TheEmoMuffin
Jun 14, 2011, 11:56 AM
Indeed I do. Currently at 489GB of music alone.
No sir you do not. Maybe 489 MB. 489GB would be around 80,000 songs. There is no way in hell you even know close to that number of songs. Understood? Good.

TheEmoMuffin
Jun 14, 2011, 12:53 PM
why, yes, i do. as a matter of fact, i have about 890gb of tunes :eek:
see previous reply. THAT WOULD BE AT LEAST 190,000 songs. there is no way in hell you have that many. maybe you have a lot of movies or something in there. I also want you to realize that not even the high end 17-inch macbook prop has a hard drive that big. LEARN YOUR FACTS! it's 890mb or you have like several hundred movies in there.

diamond.g
Jun 14, 2011, 12:58 PM
No sir you do not. Maybe 489 MB. 489GB would be around 80,000 songs. There is no way in hell you even know close to that number of songs. Understood? Good.

see previous reply. THAT WOULD BE AT LEAST 190,000 songs. there is no way in hell you have that many. maybe you have a lot of movies or something in there. I also want you to realize that not even the high end 17-inch macbook prop has a hard drive that big. LEARN YOUR FACTS! it's 890mb or you have like several hundred movies in there.

What if the music was lossless?

Sdevante
Jun 14, 2011, 01:02 PM
What if the music was lossless?

Touchť

ghostlyorb
Jun 14, 2011, 01:02 PM
Streaming would suck.. it would be low quality. I'm fine with having all my music on my iPhone.. and then getting all new music automatically downloaded to all my devices!

MacMan86
Jun 14, 2011, 01:38 PM
No sir you do not. Maybe 489 MB. 489GB would be around 80,000 songs. There is no way in hell you even know close to that number of songs. Understood? Good.

see previous reply. THAT WOULD BE AT LEAST 190,000 songs. there is no way in hell you have that many. maybe you have a lot of movies or something in there. I also want you to realize that not even the high end 17-inch macbook prop has a hard drive that big. LEARN YOUR FACTS! it's 890mb or you have like several hundred movies in there.

So rude and obnoxious, and for no reason. Find another outlet for your anger, this forum is not the place.

MBP hard drive size is irrelevant. Most iMacs now come with 1TB+. Lots of people have their iTunes libraries on a NAS or external drive. Some people have all their music in FLAC/Apple Lossless as has been suggested. And some people just torrent all day and all night. Them having less than 1GB of music is unlikely, I doubt they're confused or incorrect.

You are not in a position to tell someone what they do or do not have.

gnomeisland
Jun 14, 2011, 04:10 PM
So rude and obnoxious, and for no reason. Find another outlet for your anger, this forum is not the place.

MBP hard drive size is irrelevant. Most iMacs now come with 1TB+. Lots of people have their iTunes libraries on a NAS or external drive. Some people have all their music in FLAC/Apple Lossless as has been suggested. And some people just torrent all day and all night. Them having less than 1GB of music is unlikely, I doubt they're confused or incorrect.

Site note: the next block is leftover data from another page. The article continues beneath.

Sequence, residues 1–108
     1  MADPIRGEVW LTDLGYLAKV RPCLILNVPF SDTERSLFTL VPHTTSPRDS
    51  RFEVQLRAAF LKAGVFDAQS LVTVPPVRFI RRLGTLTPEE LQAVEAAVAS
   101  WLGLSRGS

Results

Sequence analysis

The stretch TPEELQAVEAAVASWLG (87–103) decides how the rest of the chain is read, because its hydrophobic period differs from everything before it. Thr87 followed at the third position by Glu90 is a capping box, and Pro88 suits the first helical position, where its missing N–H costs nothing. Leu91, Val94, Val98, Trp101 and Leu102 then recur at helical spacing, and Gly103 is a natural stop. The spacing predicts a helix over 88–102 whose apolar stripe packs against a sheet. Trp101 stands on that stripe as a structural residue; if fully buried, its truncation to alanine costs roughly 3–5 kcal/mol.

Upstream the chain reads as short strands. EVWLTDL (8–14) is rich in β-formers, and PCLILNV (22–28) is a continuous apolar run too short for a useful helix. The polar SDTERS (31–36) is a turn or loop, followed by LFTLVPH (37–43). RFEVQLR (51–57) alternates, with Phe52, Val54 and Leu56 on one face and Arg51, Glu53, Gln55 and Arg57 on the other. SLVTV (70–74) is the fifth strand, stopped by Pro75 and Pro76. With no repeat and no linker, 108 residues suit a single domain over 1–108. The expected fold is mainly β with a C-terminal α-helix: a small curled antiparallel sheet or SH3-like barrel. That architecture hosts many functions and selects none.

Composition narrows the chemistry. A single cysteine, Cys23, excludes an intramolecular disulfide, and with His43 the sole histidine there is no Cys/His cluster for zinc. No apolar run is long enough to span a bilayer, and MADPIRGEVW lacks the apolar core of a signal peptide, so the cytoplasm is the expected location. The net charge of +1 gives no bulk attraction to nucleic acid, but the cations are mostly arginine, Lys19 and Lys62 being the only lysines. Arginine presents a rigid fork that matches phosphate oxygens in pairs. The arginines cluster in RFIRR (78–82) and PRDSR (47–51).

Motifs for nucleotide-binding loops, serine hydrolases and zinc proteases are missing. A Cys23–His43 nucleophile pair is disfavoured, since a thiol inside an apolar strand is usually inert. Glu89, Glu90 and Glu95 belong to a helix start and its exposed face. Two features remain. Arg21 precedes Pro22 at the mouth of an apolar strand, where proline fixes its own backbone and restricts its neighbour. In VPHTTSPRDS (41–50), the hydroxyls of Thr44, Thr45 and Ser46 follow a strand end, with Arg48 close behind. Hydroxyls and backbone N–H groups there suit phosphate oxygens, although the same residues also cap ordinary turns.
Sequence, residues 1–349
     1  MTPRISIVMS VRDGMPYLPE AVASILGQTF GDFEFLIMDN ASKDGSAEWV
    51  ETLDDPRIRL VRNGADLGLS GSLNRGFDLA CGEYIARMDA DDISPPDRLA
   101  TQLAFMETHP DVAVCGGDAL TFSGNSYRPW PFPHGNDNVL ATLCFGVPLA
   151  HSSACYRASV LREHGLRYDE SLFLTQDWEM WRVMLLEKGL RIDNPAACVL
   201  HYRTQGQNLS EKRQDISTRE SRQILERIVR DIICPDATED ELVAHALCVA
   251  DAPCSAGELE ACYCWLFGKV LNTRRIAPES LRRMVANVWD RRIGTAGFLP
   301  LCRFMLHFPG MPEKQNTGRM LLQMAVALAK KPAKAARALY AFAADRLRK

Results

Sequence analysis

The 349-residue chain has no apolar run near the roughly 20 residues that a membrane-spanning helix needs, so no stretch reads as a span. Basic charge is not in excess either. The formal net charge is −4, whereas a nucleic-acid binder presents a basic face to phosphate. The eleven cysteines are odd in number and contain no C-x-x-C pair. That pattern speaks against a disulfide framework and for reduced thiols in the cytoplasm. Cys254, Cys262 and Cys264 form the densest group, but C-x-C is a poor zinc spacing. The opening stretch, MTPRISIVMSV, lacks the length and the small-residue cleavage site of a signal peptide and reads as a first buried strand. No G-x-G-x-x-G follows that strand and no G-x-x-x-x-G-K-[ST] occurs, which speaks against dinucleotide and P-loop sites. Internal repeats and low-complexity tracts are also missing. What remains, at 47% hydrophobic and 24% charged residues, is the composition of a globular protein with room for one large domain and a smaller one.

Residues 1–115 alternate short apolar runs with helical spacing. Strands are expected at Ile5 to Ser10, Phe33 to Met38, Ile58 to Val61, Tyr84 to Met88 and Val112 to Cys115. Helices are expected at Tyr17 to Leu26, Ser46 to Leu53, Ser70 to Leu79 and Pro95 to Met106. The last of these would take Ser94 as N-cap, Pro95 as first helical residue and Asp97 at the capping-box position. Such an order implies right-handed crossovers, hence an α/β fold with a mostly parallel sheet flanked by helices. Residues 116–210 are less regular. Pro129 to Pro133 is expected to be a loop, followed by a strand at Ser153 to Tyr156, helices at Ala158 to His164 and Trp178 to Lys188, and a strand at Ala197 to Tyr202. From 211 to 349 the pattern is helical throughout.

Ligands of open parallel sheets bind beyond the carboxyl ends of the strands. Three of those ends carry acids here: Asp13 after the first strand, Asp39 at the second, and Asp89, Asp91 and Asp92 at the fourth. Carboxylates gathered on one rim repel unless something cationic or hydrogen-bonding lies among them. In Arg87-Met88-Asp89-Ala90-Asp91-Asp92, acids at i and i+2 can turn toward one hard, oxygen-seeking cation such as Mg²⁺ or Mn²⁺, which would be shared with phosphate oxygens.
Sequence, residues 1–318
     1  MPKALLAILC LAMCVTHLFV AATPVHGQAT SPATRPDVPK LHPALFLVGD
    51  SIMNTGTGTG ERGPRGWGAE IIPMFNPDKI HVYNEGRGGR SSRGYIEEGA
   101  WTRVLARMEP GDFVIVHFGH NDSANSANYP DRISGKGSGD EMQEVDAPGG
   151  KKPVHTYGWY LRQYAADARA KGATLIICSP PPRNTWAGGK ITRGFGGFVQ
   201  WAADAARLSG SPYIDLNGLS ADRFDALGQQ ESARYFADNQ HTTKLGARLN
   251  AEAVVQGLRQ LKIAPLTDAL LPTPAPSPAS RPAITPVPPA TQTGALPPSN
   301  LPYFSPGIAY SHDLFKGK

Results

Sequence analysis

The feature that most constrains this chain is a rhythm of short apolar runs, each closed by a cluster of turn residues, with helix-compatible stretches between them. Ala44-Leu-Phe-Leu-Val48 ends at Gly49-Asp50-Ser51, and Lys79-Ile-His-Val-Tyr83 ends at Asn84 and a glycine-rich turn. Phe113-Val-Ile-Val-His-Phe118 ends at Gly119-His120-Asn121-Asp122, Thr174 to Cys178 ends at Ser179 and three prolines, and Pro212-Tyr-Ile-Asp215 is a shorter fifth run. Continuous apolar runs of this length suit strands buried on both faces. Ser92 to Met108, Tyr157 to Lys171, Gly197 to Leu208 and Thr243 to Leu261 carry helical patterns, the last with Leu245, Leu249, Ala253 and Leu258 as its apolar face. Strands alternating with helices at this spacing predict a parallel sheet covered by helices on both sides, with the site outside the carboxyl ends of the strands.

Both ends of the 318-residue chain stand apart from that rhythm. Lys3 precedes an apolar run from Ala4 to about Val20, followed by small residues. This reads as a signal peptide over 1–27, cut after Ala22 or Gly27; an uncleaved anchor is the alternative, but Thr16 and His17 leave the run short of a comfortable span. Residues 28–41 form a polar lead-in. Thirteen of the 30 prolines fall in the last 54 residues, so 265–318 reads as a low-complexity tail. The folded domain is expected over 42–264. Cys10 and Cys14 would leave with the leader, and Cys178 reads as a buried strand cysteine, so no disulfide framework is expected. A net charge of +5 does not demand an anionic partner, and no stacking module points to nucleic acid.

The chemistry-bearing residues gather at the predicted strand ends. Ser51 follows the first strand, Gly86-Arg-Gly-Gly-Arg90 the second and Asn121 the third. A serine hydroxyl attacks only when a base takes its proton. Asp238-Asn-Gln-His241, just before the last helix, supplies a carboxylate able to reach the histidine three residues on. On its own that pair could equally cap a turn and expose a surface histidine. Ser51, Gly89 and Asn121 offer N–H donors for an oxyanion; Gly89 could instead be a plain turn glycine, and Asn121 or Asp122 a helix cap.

You are not in a position to tell someone what they do or do not have.

I do hope it is lossless. The idea of someone torrenting that much music makes me feel a little sick. Though I guess your 500GB of music could soon be legal?!

I'm very confused about the legalese in this arrangement but I suppose we won't have the fine print to read until Matching is officially released.

AdrianK
Jun 14, 2011, 04:25 PM
No sir you do not. Maybe 489 MB. 489GB would be around 80,000 songs. There is no way in hell you even know close to that number of songs. Understood? Good.

Wow, you're arrogant.

What about high-res LPCM? A single album in that format can consume upwards of 2GB.

verbasilvatica
Aug 11, 2011, 07:04 PM
You won't stream Netflix over 3G like you would your music. Streaming videos over 3G is a painful, horrible experience, while with much less bandwidth you can get perfect audio quality, therefore you'd be streaming gigabytes of music per month instead of that one time you tried to watch a TV show over 3G.

Streaming Netflix on Verizon 3G is nearly flawless. I've watched 60gb of shows with little, if any, difficulty. So one would think streaming audio would be even more achievable, perfectable.

Where does the information about crippling carriers come from (not explicitly in reply to your post)? I'm sure they'd like us to think data costs them a lot; I have my doubts. They make killer profits on calls and texts. How much does it actually cost them to provide the data they charge $15/gb +/- to provide?

So, I understand why the carriers wouldn't like it, but not if their dislike is based on anything substantial or just their desire to keep extorting outrageous profits from the American market.